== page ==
Center for Biological Diversity

For Immediate Release, October 11, 2018

Contact: Ileene Anderson, (323) 490-0223,

After Second Endangered California Condor Shot, $15,000 Reward Offered

LOS ANGELES— The Center for Biological Diversity today tripled the reward to $15,000 for information leading to an arrest and conviction in the May 2018 shooting and subsequent death of a California condor in Tulare County. Condors are protected under California law and the federal Endangered Species Act.   

The killing was belatedly announced in September by the U.S. Fish and Wildlife Service. Another condor was shot in Kern County in July of 2018.

“I’m shocked that another California condor has been tragically shot and killed,” said Ileene Anderson, a senior scientist with the Center. “Why it took four months for the Fish and Wildlife Service to announce this illegal killing is unfathomable. We hope this additional reward pushes anyone with knowledge to come forward so this ugly crime can be fully prosecuted.”

The condor was found dead on private property south of Hot Springs Road and east of Old Stage Coach Road in Tulare County, according to news reports. The bird’s cause of death was trauma from a gunshot wound, as determined by a necropsy performed by the U.S. Fish and Wildlife Service’s Wildlife Forensics Laboratory.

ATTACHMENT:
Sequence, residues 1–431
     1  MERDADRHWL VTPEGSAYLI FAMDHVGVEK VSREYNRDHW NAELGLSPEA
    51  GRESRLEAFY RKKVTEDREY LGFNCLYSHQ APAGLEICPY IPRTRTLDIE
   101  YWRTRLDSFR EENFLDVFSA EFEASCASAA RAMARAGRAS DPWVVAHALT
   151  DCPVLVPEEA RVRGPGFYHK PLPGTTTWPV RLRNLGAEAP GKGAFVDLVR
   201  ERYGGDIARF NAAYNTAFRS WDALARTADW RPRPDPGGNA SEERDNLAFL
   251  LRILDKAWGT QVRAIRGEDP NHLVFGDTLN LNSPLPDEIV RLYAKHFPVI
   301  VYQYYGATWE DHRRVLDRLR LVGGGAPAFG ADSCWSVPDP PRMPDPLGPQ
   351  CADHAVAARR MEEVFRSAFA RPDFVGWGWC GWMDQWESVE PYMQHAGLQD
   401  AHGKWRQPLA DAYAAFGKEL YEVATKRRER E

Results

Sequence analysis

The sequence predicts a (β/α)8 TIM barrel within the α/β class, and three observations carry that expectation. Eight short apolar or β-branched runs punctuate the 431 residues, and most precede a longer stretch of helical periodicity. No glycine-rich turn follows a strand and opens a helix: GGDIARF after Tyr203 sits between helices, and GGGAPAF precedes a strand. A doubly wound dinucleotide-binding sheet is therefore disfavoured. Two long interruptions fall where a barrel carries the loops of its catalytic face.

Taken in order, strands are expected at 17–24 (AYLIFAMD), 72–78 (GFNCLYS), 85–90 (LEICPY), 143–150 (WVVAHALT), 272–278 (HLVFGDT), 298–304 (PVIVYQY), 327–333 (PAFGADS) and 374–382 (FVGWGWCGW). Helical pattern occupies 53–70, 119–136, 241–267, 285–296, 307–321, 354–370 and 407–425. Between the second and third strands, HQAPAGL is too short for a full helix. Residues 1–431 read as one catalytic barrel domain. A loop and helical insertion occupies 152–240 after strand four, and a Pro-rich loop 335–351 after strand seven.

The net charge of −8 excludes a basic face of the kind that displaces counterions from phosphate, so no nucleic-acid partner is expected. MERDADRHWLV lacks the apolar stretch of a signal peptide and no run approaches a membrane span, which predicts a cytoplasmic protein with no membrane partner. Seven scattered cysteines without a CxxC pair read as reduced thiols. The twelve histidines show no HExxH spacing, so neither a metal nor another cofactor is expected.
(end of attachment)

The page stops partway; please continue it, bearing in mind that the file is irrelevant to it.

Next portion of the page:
While the species is recovering, only a few hundred California condors exist in the wild.

The Fish and Wildlife Service initially offered a $5,000 reward for information on the perpetrators of this crime.

Anyone with details of the incident should call the Service’s Office of Law Enforcement in Sacramento at (916) 569-8476. Callers can remain anonymous.

The Center for Biological Diversity is a national, nonprofit conservation organization with more than 1.6 million members and online activists dedicated to the protection of endangered species and wild places.

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